People usually do not enter psychotherapy with the goal of changing their perception of self. On the contrary most people who enter psychotherapy are completely unaware that it is their faulty self-concept that is at the root of their suffering. They initially seek to preserve their perception of self exactly as it is but without the suffering that goes with it.
Fear of Change
Probably the hardest thing for any human being to do is to change. Most people will do everything in their power to maintain the status quo and will resist change as if their lives depended on it. Why else would a woman remain in a marriage with an abusive husband? Why would someone who wants to lose weight continue to overeat? Why would a woman who notices a lump in her breast or a man who notices a lump in his testicle ignore it or delay seeing a doctor?
Change ultimately involves taking a step into the unknown and that, for most people, is a scarier alternative to the pain they continue to experience in their lives. The pain that people experience is in direct proportion to the resistance they exert to change. It is only when a person let’s go and steps into the unknown that pain disappears.
Handing Over Our Power to Authority Figures is Not the Answer
Pain, whether it is physical or emotional, is a guide that directs us to make the changes we need to make in our lives. Many people, however, see pain as a nuisance and something to be alleviated, numbed and avoided at all costs. Rather than seeing emotional pain as guiding us to make the changes we are resisting many people turn to medication to alleviate it. Many turn to psychologists and counselors to take their pain away. Very few own their pain and see it as a guiding light that could be used to lead them to make the changes that life judges they are ready for. Most would rather hand their power over to an authority figure they set up in their minds as having special powers to cure them. Even when the medication prescribed does not alleviate their pain they hold on to the belief they hold about the authority figure and continue to take medication, often for years.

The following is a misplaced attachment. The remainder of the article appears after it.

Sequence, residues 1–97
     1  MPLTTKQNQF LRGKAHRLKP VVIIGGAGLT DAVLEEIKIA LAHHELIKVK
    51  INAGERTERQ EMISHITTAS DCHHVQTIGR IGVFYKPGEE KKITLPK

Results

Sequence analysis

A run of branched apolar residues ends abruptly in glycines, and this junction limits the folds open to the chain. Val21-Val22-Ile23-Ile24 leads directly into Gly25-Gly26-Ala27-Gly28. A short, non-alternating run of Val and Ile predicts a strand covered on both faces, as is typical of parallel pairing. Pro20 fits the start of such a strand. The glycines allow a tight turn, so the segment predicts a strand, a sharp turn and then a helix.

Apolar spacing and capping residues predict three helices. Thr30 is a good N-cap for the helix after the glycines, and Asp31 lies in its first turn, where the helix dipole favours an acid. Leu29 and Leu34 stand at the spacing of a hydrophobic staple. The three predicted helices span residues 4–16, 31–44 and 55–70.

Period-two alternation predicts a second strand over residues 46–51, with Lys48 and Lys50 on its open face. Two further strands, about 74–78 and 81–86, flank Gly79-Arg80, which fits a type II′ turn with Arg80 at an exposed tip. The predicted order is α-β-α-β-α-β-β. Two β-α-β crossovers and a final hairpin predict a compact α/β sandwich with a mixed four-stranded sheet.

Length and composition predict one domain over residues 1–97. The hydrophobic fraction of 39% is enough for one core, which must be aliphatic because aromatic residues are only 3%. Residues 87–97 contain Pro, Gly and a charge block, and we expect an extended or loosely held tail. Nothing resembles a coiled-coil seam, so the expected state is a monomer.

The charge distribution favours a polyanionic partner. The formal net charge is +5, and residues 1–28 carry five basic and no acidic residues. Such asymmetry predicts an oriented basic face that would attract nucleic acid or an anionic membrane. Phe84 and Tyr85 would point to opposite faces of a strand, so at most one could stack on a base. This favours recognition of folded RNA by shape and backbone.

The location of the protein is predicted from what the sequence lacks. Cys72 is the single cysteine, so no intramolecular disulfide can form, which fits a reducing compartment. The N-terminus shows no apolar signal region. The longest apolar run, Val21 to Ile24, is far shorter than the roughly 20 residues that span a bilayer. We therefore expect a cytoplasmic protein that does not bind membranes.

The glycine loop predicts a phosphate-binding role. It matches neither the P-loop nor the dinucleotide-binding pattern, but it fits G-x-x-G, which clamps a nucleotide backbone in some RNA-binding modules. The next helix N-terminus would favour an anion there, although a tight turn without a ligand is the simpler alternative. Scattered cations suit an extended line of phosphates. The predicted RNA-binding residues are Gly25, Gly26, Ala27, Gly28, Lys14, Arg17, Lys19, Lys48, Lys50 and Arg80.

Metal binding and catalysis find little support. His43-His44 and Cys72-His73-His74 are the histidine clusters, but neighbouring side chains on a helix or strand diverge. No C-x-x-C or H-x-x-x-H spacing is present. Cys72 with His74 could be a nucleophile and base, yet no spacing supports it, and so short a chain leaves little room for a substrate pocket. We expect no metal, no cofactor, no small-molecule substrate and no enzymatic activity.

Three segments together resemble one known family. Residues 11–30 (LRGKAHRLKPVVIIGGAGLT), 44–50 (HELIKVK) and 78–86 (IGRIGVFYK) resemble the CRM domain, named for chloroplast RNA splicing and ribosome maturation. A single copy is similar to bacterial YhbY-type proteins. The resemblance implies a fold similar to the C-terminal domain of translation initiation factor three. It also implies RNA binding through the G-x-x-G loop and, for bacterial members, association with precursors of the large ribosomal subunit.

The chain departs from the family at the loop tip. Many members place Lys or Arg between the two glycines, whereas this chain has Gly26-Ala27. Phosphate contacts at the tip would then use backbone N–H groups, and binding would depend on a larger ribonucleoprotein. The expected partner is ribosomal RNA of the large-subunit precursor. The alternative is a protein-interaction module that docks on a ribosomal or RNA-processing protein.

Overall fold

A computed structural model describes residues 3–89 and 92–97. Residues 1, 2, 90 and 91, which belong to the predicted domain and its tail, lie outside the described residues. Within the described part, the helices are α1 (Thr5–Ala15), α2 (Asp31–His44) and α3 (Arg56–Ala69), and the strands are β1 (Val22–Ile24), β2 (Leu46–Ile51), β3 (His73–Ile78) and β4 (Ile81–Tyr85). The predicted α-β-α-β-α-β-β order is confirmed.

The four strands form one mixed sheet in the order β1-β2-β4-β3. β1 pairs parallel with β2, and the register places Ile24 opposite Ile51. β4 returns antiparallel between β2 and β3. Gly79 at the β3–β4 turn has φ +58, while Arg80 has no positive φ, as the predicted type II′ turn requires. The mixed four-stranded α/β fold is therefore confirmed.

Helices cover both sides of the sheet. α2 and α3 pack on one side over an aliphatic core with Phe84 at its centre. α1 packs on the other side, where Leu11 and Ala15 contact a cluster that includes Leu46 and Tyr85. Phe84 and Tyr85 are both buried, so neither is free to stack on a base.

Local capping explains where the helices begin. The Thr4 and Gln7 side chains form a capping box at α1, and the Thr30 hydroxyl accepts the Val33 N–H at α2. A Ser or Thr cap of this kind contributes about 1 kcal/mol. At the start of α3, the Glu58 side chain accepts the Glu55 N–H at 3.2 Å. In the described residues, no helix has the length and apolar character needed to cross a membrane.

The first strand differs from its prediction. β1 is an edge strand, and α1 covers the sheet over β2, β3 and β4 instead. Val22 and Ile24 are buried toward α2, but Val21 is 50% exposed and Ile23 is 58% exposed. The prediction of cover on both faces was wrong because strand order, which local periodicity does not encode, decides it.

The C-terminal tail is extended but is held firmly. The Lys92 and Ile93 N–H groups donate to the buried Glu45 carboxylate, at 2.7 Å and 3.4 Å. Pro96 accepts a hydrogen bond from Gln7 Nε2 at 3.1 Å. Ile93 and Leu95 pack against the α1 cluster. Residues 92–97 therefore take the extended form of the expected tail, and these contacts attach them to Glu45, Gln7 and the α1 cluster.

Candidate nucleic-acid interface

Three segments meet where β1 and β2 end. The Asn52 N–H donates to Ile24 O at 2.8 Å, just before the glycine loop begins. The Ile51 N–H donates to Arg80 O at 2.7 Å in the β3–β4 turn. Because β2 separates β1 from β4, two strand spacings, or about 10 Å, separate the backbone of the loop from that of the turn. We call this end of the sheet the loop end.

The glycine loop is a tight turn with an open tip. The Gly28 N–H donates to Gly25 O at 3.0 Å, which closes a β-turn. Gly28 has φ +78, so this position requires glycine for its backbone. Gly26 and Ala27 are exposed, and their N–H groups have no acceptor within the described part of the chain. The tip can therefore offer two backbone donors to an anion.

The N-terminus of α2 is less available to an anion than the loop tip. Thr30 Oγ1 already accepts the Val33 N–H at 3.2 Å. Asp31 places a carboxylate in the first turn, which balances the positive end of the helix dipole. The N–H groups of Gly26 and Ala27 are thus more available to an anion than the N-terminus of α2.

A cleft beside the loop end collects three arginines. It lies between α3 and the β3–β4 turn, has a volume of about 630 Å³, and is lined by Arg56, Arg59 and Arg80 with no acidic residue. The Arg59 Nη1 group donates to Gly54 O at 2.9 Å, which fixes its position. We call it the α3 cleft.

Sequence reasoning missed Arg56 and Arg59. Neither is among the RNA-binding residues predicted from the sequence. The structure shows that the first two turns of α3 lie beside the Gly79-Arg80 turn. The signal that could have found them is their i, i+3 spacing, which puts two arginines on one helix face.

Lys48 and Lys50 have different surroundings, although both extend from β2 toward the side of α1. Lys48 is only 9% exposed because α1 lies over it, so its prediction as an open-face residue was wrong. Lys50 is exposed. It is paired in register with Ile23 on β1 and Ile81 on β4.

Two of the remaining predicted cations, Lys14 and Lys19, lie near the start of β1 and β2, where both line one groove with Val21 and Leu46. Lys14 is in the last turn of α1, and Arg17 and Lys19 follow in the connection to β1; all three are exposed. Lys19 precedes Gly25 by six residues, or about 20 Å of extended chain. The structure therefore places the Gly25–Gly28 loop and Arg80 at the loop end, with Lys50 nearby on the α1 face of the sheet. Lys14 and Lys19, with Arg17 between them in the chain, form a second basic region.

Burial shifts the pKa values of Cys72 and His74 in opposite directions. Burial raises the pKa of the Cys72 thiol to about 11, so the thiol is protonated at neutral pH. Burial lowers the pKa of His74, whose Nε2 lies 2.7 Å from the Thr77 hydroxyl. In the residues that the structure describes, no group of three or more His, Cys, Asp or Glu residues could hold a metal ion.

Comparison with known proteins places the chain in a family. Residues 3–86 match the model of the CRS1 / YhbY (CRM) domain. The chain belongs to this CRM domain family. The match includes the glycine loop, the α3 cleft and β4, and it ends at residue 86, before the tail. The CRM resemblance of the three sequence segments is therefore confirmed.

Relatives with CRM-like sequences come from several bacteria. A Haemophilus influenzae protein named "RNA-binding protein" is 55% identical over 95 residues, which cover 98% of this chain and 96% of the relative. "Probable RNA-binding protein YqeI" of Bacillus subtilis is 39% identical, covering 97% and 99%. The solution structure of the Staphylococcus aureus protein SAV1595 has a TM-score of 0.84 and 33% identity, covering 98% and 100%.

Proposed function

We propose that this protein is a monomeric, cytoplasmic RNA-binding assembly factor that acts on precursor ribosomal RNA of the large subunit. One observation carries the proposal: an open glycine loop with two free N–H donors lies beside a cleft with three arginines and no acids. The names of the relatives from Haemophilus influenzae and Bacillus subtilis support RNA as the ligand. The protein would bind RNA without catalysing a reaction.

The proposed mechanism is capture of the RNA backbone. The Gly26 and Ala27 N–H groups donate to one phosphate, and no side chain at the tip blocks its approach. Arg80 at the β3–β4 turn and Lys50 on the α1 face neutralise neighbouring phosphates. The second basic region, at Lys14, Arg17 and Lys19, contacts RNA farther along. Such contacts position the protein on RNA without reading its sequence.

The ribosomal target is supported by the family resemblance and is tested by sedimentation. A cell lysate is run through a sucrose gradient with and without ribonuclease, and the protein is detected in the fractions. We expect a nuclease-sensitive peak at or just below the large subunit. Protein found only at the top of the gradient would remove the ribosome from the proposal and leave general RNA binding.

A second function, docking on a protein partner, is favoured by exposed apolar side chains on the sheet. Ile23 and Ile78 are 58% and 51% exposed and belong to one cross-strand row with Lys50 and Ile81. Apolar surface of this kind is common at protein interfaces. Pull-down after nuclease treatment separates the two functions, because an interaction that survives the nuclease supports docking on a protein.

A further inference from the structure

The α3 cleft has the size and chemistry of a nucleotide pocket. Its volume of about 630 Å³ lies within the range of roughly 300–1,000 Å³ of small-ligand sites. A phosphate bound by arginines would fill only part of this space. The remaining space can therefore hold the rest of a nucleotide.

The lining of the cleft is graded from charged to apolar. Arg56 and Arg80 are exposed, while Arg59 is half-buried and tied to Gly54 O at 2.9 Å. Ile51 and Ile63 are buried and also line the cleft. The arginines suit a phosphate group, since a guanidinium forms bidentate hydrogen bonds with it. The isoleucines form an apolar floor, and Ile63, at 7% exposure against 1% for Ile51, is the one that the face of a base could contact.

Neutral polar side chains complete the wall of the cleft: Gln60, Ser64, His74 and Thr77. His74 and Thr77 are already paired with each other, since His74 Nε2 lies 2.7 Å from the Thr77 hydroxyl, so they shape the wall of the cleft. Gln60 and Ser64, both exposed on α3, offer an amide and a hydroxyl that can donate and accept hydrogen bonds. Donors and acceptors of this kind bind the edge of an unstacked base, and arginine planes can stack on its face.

Pain used as a guiding light in Hypno-Psychotherapy
Psychotherapy, if conducted in a way that avoids the influence of either the client’s or therapist’s ego can be a very effective way of affecting the necessary changes the client has been resisting. Rather than seeing the therapist as someone with special powers to take away a person’s pain a more constructive approach would be to see the therapist as a partner who willing chooses to enter into an agreement with change as its purpose.
The people who come to psychotherapy to alleviate their emotional pain and suffering normally do not see that they will ultimately have to change their minds about something that is preventing them from changing. This something is the way they perceive themselves and the world they perceive as outside of themselves and responsible for their suffering. Most of them come with an idea that they can in some way control their suffering to the degree that it is tolerable so that they can continue as before. At first the idea, that by defending their perceptions they are clinging to their suffering, does not seem to register but with each session change gradually occurs as both client and therapist begin to move toward each other finding common ground for agreement.
It is pain that is responsible for bringing client and therapist together and it is the resulting changes achieved that ultimately relieve the pain and set both free to continue to their next stages of development.
Setanta Hypnotherapy Clinic
Xavier and Mary Nathan are in private practice at Setanta Hypnotherapy Clinic in Peel, Isle of Man where they use a combination of hypnosis and psychotherapy adhering to the principles outlined in this post. To find out more about the therapy provided by Xavier and Mary at Setanta Clinic visit their website or call 842938 to arrange a free initial consultation.
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Video: Hypno-Psychotherapy to Change Self-Perception